Targeting Government Websites

With only 379 days until congressional mid-terms, you should not waste time hardening or attacking seldom used or obscure government webpages.

If that sounds like a difficult question, then you don’t know about analytics.usa.gov!

This data provides a window into how people are interacting with the government online. The data comes from a unified Google Analytics account for U.S. federal government agencies known as the Digital Analytics Program. This program helps government agencies understand how people find, access, and use government services online. The program does not track individuals, and anonymizes the IP addresses of visitors.

Not every government website is represented in this data. Currently, the Digital Analytics Program collects web traffic from around 400 executive branch government domains, across about 4500 total websites, including every cabinet department. We continue to pursue and add more sites frequently; to add your site, email the Digital Analytics Program.

This open source project is in the public domain, which means that this website and its data are free for you to use without restriction. You can find the code for this website and the code behind the data collection on GitHub.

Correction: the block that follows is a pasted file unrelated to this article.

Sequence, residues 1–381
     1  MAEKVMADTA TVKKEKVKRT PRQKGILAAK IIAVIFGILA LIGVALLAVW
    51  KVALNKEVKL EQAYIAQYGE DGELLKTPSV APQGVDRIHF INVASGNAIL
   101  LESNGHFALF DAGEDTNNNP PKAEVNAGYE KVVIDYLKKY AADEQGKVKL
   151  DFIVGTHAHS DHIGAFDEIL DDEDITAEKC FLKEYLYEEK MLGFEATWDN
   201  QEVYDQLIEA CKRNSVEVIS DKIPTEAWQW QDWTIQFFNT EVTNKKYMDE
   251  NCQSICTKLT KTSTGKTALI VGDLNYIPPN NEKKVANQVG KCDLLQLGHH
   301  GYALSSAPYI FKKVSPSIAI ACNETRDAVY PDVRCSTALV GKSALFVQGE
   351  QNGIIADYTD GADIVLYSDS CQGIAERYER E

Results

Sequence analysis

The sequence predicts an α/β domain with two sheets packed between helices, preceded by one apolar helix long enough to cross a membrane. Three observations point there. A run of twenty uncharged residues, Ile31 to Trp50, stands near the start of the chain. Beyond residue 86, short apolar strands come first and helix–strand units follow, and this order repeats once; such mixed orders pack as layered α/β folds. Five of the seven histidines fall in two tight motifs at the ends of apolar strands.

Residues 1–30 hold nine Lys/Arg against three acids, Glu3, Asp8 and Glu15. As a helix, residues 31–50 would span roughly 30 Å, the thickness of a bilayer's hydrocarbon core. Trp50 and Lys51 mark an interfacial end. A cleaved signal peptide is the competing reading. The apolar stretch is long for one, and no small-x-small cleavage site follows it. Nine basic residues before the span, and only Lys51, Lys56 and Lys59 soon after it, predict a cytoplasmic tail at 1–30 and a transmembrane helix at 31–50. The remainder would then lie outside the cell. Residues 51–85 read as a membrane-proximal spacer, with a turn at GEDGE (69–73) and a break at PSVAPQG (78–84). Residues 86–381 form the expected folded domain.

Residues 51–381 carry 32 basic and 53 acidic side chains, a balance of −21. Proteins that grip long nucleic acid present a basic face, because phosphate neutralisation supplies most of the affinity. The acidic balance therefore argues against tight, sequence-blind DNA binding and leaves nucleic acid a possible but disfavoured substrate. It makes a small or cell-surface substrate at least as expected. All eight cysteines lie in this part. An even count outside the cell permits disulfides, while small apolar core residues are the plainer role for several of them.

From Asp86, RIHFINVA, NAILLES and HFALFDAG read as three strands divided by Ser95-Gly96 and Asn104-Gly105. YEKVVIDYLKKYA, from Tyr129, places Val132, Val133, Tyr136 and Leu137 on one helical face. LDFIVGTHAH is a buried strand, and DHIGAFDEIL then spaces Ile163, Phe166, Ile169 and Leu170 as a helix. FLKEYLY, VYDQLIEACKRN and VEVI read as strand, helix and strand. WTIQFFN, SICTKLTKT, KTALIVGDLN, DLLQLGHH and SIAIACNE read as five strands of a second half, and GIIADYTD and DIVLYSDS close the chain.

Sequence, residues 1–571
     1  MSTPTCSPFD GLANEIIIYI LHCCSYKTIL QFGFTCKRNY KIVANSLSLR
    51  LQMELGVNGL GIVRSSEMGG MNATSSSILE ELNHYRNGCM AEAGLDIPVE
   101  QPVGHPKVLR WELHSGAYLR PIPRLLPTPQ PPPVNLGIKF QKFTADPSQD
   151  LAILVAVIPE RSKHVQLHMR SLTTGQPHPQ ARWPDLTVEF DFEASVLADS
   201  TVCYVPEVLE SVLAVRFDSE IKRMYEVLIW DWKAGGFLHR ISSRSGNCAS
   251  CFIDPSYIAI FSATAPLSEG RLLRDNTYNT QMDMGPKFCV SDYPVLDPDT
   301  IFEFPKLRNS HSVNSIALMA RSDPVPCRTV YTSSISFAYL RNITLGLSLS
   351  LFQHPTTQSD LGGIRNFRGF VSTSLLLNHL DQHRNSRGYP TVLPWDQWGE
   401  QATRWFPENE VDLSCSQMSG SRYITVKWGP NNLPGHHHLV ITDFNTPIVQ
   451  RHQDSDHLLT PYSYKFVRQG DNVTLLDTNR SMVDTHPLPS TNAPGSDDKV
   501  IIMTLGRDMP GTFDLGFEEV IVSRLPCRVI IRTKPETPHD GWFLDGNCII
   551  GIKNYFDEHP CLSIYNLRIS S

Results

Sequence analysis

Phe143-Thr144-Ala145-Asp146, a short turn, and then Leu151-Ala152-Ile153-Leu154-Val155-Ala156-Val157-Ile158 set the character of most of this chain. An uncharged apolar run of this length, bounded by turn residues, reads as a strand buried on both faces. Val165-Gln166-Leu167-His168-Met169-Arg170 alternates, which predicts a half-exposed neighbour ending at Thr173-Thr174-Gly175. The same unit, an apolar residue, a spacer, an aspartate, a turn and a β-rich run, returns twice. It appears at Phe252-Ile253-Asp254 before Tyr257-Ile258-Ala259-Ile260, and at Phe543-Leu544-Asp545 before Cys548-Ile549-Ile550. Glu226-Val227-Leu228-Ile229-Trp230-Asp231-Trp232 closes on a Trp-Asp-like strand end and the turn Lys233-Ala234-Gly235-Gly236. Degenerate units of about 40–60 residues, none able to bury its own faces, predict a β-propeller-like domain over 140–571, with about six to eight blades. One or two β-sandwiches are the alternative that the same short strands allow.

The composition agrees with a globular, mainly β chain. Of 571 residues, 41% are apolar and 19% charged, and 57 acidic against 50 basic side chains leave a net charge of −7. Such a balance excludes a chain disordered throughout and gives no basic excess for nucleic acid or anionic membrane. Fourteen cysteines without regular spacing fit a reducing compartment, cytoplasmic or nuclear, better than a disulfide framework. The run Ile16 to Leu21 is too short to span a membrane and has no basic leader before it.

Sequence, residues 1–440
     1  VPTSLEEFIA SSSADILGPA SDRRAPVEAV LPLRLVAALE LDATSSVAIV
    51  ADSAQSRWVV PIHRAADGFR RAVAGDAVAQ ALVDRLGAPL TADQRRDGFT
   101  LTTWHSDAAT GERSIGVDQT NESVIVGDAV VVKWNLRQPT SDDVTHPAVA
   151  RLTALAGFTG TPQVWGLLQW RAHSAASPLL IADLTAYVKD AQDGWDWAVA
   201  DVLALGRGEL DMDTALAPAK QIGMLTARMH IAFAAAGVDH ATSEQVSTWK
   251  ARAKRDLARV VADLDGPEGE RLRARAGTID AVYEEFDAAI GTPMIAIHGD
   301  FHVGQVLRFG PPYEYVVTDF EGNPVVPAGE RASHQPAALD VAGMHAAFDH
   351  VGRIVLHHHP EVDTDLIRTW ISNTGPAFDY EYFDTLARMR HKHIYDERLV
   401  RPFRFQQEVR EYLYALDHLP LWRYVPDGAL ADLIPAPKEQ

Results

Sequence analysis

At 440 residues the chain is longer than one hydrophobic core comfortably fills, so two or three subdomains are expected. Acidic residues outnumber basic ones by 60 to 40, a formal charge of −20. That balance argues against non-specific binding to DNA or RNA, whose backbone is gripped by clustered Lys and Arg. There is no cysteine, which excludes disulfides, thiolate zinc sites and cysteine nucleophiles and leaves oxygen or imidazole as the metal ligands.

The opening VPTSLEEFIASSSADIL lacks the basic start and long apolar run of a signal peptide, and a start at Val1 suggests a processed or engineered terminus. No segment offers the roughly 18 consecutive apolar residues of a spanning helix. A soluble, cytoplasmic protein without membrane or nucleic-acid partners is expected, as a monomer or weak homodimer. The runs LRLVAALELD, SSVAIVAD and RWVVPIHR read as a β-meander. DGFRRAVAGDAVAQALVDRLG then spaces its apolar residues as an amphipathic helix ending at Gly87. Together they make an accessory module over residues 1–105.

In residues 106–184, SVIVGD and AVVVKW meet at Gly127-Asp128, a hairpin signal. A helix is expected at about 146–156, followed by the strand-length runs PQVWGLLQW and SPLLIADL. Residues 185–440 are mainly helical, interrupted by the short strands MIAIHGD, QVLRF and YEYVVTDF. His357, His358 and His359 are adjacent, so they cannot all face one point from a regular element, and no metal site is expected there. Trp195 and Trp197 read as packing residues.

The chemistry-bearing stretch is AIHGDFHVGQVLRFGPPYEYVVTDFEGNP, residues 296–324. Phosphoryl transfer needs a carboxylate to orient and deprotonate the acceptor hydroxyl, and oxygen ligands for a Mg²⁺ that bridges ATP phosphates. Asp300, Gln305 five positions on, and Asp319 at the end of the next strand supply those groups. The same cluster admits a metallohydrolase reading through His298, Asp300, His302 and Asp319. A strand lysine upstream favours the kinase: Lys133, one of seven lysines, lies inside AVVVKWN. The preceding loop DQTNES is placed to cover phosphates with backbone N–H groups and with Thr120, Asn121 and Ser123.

We plan to expand the data made available here. If you have any suggestions, or spot any issues or bugs, please open an issue on GitHub or contact the Digital Analytics Program.

Download the data

You can download the data here. Available in JSON and CSV format.

Whether you imagine yourself carrying out or defending against a Putin/FSB/KGB five-year cyberattack plan, analytics.usa.gov can bring some grounding to your defense/attack plans.

Sorry, but government web data won’t help with your delusions about Putin. For assistance in maintaining those, check with the Democratic National Committee and/or the New York Times.

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